Will the Librem 5 be a white elephant or the first in a wave?


#21

I agree that they won’t team up with Purism. They will simply use its code. The great thing about free software is that it brings in companies, who may not have an ethical commitment, but for practical reasons they end up contributing, because the license forces them. Its cheaper to use Chatty and Calls with a GPL3+ license than develop their own apps.

Companies care about security and privacy when they see a market for it. Apple decided that it could market the iPhone based on security and privacy, and Google is now trying to convince everyone that cares about those issues too. The problem is that Apple and Google can only offer ersatz versions of the security and privacy that Purism can offer.

Most phone makers don’t like being under Google’s thumb, and Linux offers them a way to escape, but they will have to see people buying the Librem 5 and PinePhone, and thousands of apps being added, before they risk their business on mobile Linux.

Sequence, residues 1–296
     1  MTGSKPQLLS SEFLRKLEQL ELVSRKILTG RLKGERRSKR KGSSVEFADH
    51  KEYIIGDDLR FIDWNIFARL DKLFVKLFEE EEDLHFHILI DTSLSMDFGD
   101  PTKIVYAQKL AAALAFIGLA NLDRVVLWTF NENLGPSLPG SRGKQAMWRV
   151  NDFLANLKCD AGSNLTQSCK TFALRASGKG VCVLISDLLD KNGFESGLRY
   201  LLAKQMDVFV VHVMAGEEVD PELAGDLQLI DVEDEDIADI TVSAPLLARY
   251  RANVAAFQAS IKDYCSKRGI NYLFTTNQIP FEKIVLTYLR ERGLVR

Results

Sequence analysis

It won’t happen overnight, but there are solid reasons for optimism, when we consider all the benefits to the phone makers:

  1. No licensing fees for Google Web Services.
  2. No requirement to install Google’s spyware on their phones.
  3. No onerous certification process by the Open Handset Alliance.
  4. Much lower costs to perform upgrades, since they don’t have to pass any compatibility tests. It cost Fairphone €500,000 just to upgrade to Android 7 because of Google’s onerous certification requirements.
  5. No more restrictions that prevent them from customizing their software so they can distinguish themselves from their competitors and avoid the commodity trap.